Did a 20 loaf batch last month, hand kneaded 10.4 kilograms (23#), lot of fun. Looking for my baker's sheet from that job to post more details.
All the same bread or different varieties?
I would bake weekly on Thursday nights, usually 10-13 small focaccia, 40-50 cheese buns, and 40-50 sweet buns. Sometimes I would throw in baguettes as well.
It was pretty easy to eat up 5 hours after work for mixing, fermenting, proofing, baking, cooling, packaging.
I know what you mean about the time. I get other things done now while the dough is rising, but I've been thinking bakers do pastry so they have something to do during that time. How much did the foccacia and cheese buns weigh? What was the oven like--was it in your home?
That mix was all the same concoction. 50% of my dough weight was pre ferment. Carefully fed/starved to a tangy level of freshness/sourness.
I thought I had to have the rising time down clockwork style. I shuttled the dough four miles to the Bench/oven venue & I was on a tight two and a half hour schedule. There I scaled. rested, shaped, rested and baked. Two convection Boldgetts, dryer than the Sahara desert, baking 12 loaves at a time. I filled two 18 x 26 pans with H2O and put them on the two botom racks. Four decks baking three loaves each. All alone and busy. I think with the right peel I can do four loaves each deck and get 16 loaves going at a crack.
Formed 520 gram units into baguettes--I learned that whole baguette shaping procedure from some strict YouTube tutors. Right before they go in they get snipped with sissors to create a tear away bun loaf. See how memory plays tricks I did 9100g of dough, 20.3 pounds not 23 pounds. I found my notes from the day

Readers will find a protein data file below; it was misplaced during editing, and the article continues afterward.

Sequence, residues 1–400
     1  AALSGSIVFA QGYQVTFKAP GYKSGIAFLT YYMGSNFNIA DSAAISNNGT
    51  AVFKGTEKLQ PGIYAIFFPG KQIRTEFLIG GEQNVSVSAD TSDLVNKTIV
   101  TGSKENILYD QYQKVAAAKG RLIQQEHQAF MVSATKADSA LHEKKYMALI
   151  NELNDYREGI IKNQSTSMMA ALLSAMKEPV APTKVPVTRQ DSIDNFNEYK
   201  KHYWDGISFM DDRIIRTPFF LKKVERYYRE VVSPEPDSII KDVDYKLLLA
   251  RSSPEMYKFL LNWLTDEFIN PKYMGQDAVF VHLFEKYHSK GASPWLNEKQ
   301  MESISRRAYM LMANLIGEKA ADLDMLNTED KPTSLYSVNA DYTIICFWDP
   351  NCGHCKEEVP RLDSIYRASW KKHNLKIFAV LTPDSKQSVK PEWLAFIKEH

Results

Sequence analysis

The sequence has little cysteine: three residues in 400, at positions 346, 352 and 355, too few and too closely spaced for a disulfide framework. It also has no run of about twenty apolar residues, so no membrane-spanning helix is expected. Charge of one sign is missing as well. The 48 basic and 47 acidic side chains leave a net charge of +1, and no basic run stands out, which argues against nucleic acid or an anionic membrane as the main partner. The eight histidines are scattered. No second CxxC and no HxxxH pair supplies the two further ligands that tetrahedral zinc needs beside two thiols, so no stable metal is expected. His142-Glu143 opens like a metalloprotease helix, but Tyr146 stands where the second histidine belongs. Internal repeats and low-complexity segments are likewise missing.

But funny thing is-as soon as I finished that gig, my first, I relaxed and started a looser shaping procedure and a rising formula that employs extremely wide latitude in rising times. This one is killin' and I think I have no improvements & no tweaks to put on it.
If you would like to complicate your life a little bit throw a wood-fired hearth oven into that mix. This is something I have been working with for about a year and a half and last Thursday I baked 40 loaves (60# of dough) of bread in ten loaf batches; 20 5-grain levain and 20 country bread ala Hammelman in a 48" circular brick oven which sits proudly out in my yard. The big challenge I've found is timing the fermentation, shaping etc. of the bread with the heat cycle of the oven. The heat retention qualities of my oven are very good and I have a very wide window for baking but the trick is to have loaves ready for the oven when the oven is cool enough to bake in. Nothing more stressful than seeing 10 loaves of bread turning into charcoal briquets because the oven is too hot and more loaves are demanding to be baked. When it works out, though, the results are fantastic. Our dining room table is covered with beautiful golden loaves and our house smells heavenly.
If anyone would like to start a thread on the challenges of baking with a wood-fired oven I would enjoy participating. Right now I have to go fire up my oven in preparation for tomorrow's bake.
Eat good bread!
Don, the backyard baker
Will one of those infrared instruments work? They shoot a beam like a laser pointer and give the temperature of a remote object. I have used them in the past, but never owned one.
Im looking into a masonry oven, going through The Bread Builders for the second or third time. Door height 63% of the highest part of the hearth and so on.
Im going to look into the brand you mention.